The IOC ended up picking Innsbruck to host the 1976 Olympics, but it was so pleased with the presentation that Lake Placid gave that it asked the village to make a bid for the 1980 Winter Olympics, according to the article "The '32 Connection" in the January/February issue of Adirondack Life.

The United States Olympic Committee appointed Lake Placid as the official U.S. entry for the 1980 Winter Games in September 1974. But before the IOC would accepted Lake Placid a possible host city, it analyzed Lake Placid's bid intensely in order to avoid another U.S. city withdrawing its bid after being selected, according to the piece "Lake Placid Perseveres ... and is Awarded the Bid to Host the XIII Olympic Winter Games,"

The Lake Placid bid committee had to provide proof that village residents supported hosting the Games, that all levels of government approved as well, and that it either had the venues to host the Games or the finances to construct needed venues. Lake Placid was able to meet all the IOC's requirements, and therefore, was in the running to host the 1980 Olympic Games.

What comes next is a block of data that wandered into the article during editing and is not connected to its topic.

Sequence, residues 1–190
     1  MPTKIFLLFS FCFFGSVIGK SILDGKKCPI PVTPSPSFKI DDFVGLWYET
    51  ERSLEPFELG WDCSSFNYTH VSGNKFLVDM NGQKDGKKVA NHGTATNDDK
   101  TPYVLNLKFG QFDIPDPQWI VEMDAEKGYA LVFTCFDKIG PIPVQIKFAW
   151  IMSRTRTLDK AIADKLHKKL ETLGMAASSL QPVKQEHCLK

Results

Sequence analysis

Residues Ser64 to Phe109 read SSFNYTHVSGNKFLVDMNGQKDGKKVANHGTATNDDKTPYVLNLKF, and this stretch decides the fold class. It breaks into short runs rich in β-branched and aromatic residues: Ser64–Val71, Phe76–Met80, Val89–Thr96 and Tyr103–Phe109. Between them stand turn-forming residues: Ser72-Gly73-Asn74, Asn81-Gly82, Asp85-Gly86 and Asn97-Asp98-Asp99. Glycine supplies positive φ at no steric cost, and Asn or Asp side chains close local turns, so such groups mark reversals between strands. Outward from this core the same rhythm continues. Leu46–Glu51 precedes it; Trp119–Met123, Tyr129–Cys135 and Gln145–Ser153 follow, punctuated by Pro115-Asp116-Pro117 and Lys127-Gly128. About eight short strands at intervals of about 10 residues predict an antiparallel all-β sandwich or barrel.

It wasn't alone though.

Four international cities also had Olympic hosting dreams: Banff, Canada; Oslo, Norway; Chamonix, France; and Garmisch-Partenkirchen, German Federal Republic. Yet by the summer 1974 all four of the international cities withdrew their bids, leaving Lake Placid the only remaining bid to host the 1980 Olympic Games.

On Oct. 27, 1974, IOC appointed Lake Placid to host the 1980 Winter Olympic Games. And the magic didn't end there.

One of the most memorable events of the 1980 Olympic Games was the Miracle on Ice hockey game where the United States team, made up of a mixture of American college students and amateurs, was able to defeat the Soviet national ice hockey team, which at the time was considered the best hockey team in the world, with a final score of 4-3. Two days later the U.S. hockey team went on to win the gold medal after beating Finland in its last match.